Describing Buffalo's property revaluation process as flawed, the mayor's top aide said Friday he might launch a "crusade" to encourage more people to fight their assessments.
More than two-thirds of the property owners who challenged assessments this winter received some level of reduction.
"If 70 percent of the people are winning, that says something is flawed -- something is wrong with the system," said Steven M. Casey, the city's first deputy mayor.
"The system works," Martin F. Kennedy, city commissioner of assessment and taxation, retorted in a verbal duel with Casey at a City Hall meeting.
Kennedy acknowledged that about 69 percent of the property owners who challenged their assessments received reductions. But he argued that fewer than 2,300 people -- or about 2 percent of all property owners in the city -- mounted challenges. Many of the individuals who were granted reductions by a city review panel received only minor decreases, he said.
More than 12,000 property owners whose assessments went up this year opted not to fight the increases, Kennedy added. He said he interprets this to mean that most people believe their assessments are fair.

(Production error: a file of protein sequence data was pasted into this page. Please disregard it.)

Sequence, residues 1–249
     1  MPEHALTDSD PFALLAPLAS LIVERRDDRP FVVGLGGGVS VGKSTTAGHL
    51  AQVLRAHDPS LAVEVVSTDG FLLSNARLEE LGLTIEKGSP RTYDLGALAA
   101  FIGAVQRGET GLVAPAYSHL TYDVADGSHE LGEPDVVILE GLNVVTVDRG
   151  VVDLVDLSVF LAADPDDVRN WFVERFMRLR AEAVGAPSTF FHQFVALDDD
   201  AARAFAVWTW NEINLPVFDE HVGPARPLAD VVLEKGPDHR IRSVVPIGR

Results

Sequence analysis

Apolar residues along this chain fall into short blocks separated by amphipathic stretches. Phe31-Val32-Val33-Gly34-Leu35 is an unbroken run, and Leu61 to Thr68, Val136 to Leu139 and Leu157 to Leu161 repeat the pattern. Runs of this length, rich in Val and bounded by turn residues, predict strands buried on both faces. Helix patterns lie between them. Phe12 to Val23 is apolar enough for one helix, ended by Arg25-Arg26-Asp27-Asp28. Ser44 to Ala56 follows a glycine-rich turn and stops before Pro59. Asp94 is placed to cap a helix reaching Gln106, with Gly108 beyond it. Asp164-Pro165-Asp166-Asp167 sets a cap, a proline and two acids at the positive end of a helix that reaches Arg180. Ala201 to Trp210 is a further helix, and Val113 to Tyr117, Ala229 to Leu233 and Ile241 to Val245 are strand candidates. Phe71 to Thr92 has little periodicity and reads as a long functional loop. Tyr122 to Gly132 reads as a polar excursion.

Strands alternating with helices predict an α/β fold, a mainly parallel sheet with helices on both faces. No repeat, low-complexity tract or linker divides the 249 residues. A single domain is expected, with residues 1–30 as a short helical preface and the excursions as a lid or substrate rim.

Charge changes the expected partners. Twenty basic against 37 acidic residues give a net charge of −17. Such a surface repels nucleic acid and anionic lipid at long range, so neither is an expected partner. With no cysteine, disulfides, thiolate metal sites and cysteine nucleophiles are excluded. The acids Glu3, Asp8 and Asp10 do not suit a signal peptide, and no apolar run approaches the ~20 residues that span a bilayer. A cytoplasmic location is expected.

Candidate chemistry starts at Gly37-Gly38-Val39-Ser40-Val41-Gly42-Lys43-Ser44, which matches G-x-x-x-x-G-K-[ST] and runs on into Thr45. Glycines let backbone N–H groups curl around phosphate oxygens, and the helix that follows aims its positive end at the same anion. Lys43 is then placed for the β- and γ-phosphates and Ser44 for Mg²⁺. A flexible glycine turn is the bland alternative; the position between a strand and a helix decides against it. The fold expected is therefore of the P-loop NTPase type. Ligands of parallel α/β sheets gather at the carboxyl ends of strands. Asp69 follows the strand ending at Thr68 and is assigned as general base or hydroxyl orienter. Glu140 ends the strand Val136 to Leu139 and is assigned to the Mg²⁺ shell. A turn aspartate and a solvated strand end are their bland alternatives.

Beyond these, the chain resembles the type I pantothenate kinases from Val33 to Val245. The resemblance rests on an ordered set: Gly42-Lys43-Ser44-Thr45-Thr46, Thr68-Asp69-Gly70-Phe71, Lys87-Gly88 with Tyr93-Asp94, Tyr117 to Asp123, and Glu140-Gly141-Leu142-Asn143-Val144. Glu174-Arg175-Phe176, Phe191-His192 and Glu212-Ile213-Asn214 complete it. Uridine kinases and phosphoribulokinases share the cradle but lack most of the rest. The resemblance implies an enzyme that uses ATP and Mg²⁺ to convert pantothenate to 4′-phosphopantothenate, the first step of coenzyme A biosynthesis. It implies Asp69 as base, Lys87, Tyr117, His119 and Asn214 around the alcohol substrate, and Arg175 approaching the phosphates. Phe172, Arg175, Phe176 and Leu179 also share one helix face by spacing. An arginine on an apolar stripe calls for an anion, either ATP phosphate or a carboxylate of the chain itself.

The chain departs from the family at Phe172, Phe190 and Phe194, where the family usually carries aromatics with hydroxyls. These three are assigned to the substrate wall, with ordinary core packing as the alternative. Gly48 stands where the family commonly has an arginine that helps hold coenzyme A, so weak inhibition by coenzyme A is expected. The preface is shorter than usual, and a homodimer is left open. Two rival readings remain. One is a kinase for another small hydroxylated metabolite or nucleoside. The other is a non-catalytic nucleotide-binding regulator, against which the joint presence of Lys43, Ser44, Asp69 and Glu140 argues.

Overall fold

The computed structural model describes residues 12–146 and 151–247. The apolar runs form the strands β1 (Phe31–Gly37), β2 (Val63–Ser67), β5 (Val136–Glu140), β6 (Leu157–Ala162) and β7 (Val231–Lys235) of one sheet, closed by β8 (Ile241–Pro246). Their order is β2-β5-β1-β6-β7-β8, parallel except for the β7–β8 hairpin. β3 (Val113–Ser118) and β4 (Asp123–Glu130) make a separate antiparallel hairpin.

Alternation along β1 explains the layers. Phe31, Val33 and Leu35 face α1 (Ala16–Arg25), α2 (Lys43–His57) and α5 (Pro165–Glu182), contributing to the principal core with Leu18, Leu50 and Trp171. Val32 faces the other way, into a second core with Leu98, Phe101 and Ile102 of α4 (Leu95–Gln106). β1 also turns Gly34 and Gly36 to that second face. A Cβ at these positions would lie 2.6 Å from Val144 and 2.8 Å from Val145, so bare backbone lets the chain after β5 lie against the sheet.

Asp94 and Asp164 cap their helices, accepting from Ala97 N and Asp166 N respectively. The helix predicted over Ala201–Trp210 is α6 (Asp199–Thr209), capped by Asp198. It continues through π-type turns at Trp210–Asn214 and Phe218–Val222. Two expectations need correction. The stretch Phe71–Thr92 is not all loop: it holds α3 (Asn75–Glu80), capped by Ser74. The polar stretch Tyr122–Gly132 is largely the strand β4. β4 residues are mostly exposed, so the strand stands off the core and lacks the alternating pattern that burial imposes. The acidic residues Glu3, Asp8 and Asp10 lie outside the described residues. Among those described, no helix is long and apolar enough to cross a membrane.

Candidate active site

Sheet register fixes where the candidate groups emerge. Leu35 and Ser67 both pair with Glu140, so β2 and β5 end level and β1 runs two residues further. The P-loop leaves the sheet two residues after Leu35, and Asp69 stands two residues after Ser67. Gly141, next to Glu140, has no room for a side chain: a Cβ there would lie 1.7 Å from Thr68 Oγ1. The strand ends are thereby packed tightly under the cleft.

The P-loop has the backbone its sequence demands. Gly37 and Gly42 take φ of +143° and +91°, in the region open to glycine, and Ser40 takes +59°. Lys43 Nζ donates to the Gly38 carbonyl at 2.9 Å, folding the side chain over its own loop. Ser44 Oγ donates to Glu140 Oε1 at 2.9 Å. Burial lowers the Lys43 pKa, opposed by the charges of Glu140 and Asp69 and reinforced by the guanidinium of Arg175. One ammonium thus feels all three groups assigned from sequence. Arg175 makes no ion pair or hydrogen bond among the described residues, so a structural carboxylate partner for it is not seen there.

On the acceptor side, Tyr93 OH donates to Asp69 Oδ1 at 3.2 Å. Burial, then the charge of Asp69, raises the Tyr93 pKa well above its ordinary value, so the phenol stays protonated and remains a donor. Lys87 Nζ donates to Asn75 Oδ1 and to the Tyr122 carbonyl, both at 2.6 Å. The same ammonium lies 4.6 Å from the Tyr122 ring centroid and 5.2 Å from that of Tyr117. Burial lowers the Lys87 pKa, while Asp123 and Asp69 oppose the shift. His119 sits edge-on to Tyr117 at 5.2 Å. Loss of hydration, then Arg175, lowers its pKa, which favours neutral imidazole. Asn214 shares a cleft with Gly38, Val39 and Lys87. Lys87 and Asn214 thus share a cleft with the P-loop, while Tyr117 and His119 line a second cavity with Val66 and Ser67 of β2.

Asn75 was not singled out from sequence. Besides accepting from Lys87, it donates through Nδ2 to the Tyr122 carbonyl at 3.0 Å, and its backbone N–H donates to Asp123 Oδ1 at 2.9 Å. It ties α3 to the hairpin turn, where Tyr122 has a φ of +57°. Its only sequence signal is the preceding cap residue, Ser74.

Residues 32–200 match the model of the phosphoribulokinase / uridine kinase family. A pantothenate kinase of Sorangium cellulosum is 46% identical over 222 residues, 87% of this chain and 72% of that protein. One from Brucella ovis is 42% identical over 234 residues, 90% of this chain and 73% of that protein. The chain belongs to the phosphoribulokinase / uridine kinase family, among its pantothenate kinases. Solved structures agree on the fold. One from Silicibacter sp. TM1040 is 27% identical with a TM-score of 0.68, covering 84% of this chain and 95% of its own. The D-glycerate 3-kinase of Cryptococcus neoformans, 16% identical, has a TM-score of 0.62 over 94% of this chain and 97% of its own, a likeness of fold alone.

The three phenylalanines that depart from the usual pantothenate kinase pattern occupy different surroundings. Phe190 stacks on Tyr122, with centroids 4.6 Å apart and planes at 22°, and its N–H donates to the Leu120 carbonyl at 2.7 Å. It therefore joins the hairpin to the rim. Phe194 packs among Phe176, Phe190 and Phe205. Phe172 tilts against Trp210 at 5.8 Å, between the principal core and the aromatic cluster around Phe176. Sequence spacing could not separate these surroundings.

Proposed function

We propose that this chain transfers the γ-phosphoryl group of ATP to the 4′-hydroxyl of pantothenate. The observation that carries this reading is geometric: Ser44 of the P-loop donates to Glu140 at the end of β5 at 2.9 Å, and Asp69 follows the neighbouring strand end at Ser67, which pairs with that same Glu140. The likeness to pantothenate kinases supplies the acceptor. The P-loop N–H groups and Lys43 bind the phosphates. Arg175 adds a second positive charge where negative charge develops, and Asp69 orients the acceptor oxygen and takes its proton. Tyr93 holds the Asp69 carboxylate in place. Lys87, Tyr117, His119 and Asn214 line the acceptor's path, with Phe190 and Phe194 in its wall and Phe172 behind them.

Casey repeatedly criticized city assessment policies, including new data released Friday showing that in the past six years, about 13 percent of city neighborhoods have been reassessed three times, while two-thirds of the properties in the city have been reassessed only once since 2005.
If assessment officials can't understand why many people think such policies are unfair, Casey said, then "I'm not sure what world you live in."
Casey said he might launch his own "crusade" to encourage people to challenge their assessed values when the process begins again in December.
Kennedy kept his cool, calmly explaining that the neighborhoods where assessments have increased three times in six years are areas where property values have been steadily increasing. He cited the Elmwood Village, the Nottingham Terrace area and other neighborhoods in North Buffalo.
When Casey raised the possibility of imposing a cap on the number of times specific neighborhoods could be reassessed over six or seven years, Kennedy politely shot down the idea. If assessors waited several years before raising values on homes that are steadily appreciating in value, the increases would be staggering, he argued.
"We would be shot," Kennedy said.
Mayor Byron W. Brown intervened in the debate and seemed to defend Kennedy's arguments at one point. But he then made it clear that he understands where Casey is coming from, noting that some property owners are unhappy with the assessment process.
"Those folks feel overtaxed. They're frustrated. They're angry," Brown said.
For more than a year, the administration has been reviewing possible changes in assessment practices.
The ideas have ranged from staging one citywide assessment every several years, to reconfiguring an assessment map that now divides the city into more than 120 neighborhoods.
Some state officials say consolidating areas into larger neighborhoods would lead to greater fairness.